For added security, the e-mailed link will expire in three days from when the e-mail was sent. USPA will send a weekly e-mail reminder to all eligible voters who have not completed the voting process, so if the link expired, keep an eye out for the next e-mail or vote by paper ballot. If you started voting but didn’t finish, your partially completed ballot will be saved, and the link in the reminder e-mail will return you to your ballot.

While we’ve received several comments that the online voting process was easy to use, we’re aware that a few members have had problems. If you are one of those few, e-mail an explanation of your issue to cvincent@uspa.org.

Voting is open until 5 p.m. EST, December 31, but don’t delay. Vote now!

Canopy Safety Discussion

October 13, 2010

One of USPA’s responsibilities is to track and analyze safety data, and disseminate it so that others can be aware of accident trends. My “Gearing Up” commentary in the October Parachutist was intended to elaborate on the recent advisory we sent out about the rising trend in canopy-related fatalities. [See advisory here.] The piece went on to describe the many steps taken to educate skydivers and mitigate the problem.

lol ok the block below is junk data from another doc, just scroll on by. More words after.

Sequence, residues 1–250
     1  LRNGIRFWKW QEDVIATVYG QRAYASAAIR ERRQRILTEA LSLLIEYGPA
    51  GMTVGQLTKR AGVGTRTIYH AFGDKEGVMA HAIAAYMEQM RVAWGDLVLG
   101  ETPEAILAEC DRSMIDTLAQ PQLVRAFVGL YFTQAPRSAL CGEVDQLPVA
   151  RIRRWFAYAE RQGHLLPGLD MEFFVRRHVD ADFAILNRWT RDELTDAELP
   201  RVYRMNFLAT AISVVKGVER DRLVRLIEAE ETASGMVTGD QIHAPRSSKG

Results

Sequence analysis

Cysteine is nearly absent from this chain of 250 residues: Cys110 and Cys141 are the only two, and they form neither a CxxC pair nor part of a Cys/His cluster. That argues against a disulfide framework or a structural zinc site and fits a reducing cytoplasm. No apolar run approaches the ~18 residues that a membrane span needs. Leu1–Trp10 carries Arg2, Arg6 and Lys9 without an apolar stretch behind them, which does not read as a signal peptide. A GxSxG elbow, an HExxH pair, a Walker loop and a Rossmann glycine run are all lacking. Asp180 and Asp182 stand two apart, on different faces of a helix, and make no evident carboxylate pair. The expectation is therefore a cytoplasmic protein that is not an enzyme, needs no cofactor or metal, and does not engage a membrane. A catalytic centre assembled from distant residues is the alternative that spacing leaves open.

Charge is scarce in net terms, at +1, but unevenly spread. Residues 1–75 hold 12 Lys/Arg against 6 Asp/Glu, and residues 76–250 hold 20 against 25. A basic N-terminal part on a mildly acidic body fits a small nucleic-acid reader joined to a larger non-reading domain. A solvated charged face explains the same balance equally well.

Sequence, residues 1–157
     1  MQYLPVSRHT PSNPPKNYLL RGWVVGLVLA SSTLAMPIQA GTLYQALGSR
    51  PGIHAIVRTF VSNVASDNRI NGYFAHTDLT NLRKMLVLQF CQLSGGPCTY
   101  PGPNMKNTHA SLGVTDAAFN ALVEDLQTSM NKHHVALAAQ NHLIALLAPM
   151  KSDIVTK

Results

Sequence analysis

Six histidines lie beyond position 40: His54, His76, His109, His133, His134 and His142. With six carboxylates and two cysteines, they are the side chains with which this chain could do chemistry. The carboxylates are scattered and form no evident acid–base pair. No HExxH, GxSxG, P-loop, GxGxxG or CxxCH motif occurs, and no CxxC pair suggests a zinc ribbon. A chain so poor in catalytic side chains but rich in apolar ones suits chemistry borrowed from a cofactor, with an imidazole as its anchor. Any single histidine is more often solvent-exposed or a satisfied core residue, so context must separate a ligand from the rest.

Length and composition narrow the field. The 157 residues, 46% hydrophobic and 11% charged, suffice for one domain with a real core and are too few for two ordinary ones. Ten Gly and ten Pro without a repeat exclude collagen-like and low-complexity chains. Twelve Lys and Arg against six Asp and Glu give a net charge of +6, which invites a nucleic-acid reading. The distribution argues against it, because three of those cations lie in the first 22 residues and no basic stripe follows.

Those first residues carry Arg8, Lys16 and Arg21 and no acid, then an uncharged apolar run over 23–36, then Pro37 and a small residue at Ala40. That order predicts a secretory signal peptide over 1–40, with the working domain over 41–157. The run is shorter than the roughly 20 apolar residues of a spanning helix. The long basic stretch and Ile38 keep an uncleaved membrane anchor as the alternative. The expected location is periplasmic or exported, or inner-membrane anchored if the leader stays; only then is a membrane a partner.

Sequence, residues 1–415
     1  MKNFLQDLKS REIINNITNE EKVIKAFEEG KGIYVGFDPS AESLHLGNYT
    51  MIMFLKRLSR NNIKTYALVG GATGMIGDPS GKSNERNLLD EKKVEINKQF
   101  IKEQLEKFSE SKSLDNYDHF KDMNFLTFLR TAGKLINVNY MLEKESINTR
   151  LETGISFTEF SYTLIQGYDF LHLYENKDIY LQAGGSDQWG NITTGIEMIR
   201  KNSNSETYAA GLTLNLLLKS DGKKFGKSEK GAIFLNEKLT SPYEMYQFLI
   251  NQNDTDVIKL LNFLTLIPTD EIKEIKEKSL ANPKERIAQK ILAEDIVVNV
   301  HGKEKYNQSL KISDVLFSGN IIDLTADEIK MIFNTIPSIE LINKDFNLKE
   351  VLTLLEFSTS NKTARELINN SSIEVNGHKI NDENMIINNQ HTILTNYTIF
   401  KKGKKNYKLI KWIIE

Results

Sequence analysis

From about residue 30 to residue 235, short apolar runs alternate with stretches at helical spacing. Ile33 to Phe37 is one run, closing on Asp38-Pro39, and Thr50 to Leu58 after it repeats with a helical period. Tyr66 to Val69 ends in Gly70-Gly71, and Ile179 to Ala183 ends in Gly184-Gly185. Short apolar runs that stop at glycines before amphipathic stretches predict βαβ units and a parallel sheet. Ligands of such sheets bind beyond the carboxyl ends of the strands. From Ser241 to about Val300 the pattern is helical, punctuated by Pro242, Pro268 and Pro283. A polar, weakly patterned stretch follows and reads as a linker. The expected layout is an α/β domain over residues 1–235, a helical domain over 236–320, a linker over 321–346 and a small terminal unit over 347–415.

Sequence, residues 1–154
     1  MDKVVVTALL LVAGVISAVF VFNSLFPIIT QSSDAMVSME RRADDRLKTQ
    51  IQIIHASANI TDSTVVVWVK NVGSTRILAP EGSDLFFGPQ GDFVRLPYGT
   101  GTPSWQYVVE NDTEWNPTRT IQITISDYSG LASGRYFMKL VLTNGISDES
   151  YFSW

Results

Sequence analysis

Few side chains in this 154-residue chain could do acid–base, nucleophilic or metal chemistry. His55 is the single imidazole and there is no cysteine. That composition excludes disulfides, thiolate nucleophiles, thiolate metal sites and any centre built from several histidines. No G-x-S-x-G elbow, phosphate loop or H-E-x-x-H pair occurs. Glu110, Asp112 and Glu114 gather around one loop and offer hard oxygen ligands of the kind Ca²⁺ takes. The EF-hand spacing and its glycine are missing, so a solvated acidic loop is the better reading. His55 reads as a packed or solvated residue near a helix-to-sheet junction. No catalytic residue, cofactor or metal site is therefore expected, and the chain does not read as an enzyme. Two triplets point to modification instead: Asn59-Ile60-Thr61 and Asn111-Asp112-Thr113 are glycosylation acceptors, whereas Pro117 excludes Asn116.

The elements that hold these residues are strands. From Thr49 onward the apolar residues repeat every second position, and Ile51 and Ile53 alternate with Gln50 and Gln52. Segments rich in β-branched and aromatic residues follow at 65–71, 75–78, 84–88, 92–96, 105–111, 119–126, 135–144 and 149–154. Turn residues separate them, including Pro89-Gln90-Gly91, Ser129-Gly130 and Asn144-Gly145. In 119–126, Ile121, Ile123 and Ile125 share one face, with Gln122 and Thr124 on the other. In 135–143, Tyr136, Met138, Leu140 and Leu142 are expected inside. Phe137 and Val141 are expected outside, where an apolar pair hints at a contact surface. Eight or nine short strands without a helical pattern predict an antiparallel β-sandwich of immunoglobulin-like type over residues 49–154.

Already, the USPA staff and the board’s Safety & Training Committee are developing ideas on possible solutions to present to the full board. We’re doing so with an open mind and are trying to investigate all possibilities. Here are some of the questions we’re asking:

Does USPA need to …

  • alter the Integrated Student Program to include more canopy-skills training?
  • alter any licensing requirements to include more canopy-flight training?
  • certify canopy flight coaches and/or instructors?
  • require jumpers to attend dedicated canopy courses for licenses or ratings?
  • restrict wing loading by license level?
  • require DZs to post landing areas and patterns?

We’d like your thoughts, too. We’ve created a web page for you to post and share your comments. You’ll see a more in-depth explanation of our thoughts and you’re welcome to respond to those, or share your own ideas. We’re all in this together, and we’re all going to need to work together to reduce canopy-related accidents.